British Columbia Fisheries Affected By Bloom Of Toxic Algae

Vancouver – (THE CAMPING CANUCK) – According to to a new study,  unusually warm Pacific Ocean temperatures helped cause a massive bloom of toxic algae last year that closed lucrative fisheries from California to British Columbia and disrupted marine life from seabirds to sea lions.

Nicknamed the “blob,” the vast ribbon of toxic algae that flourished in 2015 and produced record-breaking levels of a neurotoxin that is harmful to people, fish and marine life has been linked to patches of abnormally warm water.

“We have toxic algae events that result in shellfish closures off the Washington and Oregon coast every three to five years or so, but none of them have been as large as this one,” said lead author Ryan McCabe, a research scientist at the UW’s Joint Institute for the Study of the Atmosphere and Ocean, a collaborative center with NOAA. “This one was entirely different, and our results show that it was connected to the unusual ocean conditions.”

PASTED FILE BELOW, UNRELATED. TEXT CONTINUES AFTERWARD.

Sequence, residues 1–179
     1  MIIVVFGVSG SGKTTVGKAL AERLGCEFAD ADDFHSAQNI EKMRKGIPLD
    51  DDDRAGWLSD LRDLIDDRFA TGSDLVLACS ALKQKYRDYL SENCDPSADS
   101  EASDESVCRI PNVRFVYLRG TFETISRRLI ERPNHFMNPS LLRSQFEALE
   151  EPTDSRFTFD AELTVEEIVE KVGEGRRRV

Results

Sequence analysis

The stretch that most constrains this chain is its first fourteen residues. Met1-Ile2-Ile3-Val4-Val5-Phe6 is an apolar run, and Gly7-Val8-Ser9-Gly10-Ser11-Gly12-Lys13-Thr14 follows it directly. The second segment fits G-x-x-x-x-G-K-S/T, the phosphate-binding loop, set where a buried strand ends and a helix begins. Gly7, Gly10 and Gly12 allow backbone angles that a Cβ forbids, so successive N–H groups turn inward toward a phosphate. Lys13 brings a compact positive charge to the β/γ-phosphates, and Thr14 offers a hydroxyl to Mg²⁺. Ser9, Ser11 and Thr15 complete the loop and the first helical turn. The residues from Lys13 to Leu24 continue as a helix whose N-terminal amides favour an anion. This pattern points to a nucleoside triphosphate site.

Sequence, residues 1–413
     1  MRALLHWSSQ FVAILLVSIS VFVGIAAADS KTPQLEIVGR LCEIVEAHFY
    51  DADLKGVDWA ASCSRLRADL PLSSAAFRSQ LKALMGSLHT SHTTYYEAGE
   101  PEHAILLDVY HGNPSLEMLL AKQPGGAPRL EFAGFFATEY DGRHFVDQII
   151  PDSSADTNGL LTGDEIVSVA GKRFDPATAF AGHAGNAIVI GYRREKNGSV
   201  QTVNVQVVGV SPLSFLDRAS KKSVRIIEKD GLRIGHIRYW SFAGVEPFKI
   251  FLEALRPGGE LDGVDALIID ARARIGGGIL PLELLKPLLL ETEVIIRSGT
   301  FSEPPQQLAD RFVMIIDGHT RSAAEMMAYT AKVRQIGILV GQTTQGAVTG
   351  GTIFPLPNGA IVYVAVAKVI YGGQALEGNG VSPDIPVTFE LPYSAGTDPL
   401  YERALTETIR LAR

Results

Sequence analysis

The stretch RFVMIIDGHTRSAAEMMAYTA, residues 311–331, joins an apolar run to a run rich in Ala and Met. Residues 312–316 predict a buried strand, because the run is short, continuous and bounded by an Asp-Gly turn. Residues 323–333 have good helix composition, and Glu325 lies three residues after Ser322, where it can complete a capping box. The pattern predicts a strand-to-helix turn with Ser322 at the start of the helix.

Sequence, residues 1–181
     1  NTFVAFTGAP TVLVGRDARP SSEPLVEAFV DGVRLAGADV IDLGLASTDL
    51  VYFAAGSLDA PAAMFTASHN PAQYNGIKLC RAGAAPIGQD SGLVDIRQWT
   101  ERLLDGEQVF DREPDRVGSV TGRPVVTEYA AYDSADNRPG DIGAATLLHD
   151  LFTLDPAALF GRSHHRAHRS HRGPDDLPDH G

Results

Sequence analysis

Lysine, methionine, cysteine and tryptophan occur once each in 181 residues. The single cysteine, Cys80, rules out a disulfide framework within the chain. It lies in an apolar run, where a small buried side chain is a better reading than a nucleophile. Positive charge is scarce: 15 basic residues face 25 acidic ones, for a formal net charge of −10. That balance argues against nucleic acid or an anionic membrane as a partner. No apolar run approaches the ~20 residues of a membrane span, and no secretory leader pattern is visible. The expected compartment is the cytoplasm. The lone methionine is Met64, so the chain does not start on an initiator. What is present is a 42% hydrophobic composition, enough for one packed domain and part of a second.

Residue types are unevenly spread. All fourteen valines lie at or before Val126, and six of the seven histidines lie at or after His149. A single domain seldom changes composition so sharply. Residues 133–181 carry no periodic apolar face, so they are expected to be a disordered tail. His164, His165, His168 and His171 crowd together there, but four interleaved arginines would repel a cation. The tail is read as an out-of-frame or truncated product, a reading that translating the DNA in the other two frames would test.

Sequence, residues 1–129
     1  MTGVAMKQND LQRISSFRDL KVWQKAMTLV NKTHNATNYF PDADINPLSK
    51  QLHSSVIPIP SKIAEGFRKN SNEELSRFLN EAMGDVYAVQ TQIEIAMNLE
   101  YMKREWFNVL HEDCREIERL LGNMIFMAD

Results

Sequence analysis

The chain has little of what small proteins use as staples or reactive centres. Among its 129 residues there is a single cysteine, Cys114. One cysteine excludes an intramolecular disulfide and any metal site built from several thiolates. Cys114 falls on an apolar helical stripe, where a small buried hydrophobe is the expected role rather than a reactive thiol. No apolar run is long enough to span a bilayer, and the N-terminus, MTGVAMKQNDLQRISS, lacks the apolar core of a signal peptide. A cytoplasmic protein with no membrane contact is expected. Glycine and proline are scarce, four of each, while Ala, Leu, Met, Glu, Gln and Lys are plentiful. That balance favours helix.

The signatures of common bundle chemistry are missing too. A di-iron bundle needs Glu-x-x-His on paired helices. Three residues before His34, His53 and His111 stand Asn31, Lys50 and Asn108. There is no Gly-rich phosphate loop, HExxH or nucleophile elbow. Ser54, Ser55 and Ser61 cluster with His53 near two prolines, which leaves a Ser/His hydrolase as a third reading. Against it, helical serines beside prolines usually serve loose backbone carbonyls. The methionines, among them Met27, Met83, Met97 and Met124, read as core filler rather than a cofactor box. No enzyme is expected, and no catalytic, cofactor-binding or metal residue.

“This paper is significant because it identifies a link between ocean conditions and the magnitude of the toxic bloom in 2015 that resulted in the highest levels of domoic acid contamination in the food web ever recorded for many species,” said co-author Kathi Lefebvre, a marine biologist at NOAA’s Northwest Fisheries Science Center. “This is an eye-opener for what the future may hold as ocean conditions continue to warm globally.”

Temperature was not the sole cause, said McCabe to the Associated Press. McCabe added, “we think there is a link between toxic events along our climate variability indices.”

 Photo Credit: Washington State Department of Ecology Marine Monitoring Unit


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